Four managers of two multinationals went into hiding following an exposé by the BBC on sexual harassment allegations on tea farms in Kericho.
Detectives, who were privy to the matter, disclosed to the press that the managers were yet to be summoned by the police as the female victims were yet to record statements.
The detectives added that the statements were vital for the police to proceed with the arrest and prosecution of the suspects.
"This matter is being handled by the CID, but none of the victims have come forward so far to record statements which would be used against the suspects in the course of the investigations, arrests and prosecution,” a Kericho-based police officer told Nation.
The four managers were suspended by the firms until further notice pending the conclusion of the investigations.
Workers at the Kericho-based tea farm also revealed that the majority were yet to be interviewed by the police over the allegations.
"We are not aware of any statements that have been taken from the victims or colleagues," a worker at the Kericho tea farm stated.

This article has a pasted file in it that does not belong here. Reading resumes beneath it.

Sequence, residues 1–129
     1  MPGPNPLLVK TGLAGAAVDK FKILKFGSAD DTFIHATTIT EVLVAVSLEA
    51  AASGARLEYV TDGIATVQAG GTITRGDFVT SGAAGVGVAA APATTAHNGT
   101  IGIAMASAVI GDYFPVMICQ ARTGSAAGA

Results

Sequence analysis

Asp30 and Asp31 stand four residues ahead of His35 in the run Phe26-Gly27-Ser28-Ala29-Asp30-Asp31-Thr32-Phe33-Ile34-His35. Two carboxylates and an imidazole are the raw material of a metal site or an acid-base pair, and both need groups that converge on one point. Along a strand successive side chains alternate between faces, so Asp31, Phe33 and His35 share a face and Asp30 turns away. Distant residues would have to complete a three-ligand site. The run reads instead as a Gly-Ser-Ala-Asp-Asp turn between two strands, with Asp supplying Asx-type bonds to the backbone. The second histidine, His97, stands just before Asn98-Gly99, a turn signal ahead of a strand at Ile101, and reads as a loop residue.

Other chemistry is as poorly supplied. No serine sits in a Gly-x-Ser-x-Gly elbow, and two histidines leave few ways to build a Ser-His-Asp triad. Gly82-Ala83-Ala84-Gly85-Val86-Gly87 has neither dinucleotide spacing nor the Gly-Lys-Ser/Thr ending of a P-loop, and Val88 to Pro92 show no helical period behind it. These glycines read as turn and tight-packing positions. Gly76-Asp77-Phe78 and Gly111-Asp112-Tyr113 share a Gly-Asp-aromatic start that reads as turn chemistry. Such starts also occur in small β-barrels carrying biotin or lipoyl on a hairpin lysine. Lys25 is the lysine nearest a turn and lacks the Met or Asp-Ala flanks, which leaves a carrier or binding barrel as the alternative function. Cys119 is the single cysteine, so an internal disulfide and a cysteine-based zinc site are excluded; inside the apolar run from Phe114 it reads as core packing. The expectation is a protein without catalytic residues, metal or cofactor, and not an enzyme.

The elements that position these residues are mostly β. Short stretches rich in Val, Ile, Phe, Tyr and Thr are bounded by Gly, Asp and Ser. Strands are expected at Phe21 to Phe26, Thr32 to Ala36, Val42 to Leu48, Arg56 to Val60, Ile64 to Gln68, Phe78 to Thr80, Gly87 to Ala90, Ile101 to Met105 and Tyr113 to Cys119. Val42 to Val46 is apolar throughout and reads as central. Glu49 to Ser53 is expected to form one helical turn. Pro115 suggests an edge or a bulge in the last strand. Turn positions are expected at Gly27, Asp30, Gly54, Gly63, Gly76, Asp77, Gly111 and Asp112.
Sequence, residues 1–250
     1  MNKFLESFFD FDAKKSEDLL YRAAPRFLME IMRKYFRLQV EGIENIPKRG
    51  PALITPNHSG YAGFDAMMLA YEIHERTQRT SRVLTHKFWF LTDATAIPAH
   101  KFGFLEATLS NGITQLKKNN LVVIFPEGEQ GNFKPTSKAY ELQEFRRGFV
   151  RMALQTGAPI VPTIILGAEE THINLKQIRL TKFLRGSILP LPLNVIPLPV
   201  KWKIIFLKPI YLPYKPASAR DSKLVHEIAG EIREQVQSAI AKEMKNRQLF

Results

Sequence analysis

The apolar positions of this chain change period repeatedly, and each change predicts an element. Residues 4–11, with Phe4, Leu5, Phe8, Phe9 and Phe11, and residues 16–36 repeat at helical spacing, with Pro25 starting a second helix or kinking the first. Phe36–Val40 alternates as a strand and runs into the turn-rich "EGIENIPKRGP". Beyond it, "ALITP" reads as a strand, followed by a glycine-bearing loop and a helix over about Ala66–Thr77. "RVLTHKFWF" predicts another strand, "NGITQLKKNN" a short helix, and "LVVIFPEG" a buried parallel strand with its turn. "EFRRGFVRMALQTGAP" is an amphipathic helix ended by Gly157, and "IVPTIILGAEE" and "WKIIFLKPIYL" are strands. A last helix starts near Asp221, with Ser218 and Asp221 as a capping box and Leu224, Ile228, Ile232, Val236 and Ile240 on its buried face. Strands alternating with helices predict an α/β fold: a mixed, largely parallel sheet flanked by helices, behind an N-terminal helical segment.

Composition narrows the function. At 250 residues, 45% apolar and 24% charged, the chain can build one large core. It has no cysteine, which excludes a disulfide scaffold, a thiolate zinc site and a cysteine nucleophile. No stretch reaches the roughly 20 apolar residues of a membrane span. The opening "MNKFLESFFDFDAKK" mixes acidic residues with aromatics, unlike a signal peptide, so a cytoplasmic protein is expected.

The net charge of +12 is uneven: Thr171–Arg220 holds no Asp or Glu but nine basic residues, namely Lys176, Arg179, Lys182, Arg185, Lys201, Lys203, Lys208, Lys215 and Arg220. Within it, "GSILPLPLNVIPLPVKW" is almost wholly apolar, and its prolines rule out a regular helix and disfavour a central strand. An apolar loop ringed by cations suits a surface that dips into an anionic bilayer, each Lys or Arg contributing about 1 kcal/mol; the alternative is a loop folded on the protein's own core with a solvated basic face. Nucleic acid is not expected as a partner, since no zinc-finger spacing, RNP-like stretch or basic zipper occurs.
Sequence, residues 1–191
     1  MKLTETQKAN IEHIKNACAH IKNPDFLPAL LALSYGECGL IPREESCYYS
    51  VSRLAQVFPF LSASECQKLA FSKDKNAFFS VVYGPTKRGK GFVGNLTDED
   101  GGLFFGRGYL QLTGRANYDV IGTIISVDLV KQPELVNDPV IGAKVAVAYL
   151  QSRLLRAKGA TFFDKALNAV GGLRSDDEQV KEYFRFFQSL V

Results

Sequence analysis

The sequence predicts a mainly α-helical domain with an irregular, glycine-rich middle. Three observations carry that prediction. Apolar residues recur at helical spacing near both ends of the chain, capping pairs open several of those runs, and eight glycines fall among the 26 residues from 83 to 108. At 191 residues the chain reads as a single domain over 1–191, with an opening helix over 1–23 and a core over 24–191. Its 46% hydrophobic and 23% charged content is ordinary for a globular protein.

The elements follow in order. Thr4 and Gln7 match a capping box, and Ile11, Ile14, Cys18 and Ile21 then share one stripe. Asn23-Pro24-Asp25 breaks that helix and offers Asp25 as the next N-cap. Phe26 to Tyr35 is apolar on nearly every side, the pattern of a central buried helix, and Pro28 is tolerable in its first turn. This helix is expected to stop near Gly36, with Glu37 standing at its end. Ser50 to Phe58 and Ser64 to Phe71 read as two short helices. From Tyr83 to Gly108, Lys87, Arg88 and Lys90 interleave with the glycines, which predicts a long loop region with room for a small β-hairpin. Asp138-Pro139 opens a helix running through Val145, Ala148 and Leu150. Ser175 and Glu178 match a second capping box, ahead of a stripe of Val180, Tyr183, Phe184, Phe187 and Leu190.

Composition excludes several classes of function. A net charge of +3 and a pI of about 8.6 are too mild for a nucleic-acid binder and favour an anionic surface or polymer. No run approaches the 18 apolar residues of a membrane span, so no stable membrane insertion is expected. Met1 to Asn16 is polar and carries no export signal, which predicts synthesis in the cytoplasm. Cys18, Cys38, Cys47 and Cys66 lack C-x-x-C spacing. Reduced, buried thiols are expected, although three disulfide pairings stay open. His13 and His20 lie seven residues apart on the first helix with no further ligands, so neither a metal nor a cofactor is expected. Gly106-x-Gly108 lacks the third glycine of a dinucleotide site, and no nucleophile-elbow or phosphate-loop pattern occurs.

Pressure has continued to mount on the Kenyan government to take action on the issue, with the BBC exposé gaining international attention.
On Tuesday, February 21, Kericho Women Representative Beatrice Kemei and Dagoretti North MP Beatrice Elachi demanded more action to be taken against the perpetrators of the crimes meted on female tea pickers as captured by the investigative piece.
“Today I have been reminded that slavery still exists in the country today I stand dejected as this slavery has been going on under our noses as leaders,” Elachi stated.
The calls for action led to the firing of two contractors, who were featured in the exposé seeking sexual favours from female job seekers and workers.
The 49-minute piece of the BBC’s Africa Eye documentary featured chilling accounts of the sexual exploitation of women working at tea firms.
Close to 70 women came out in public to detail how they were sexually exploited to secure their jobs at the firms.
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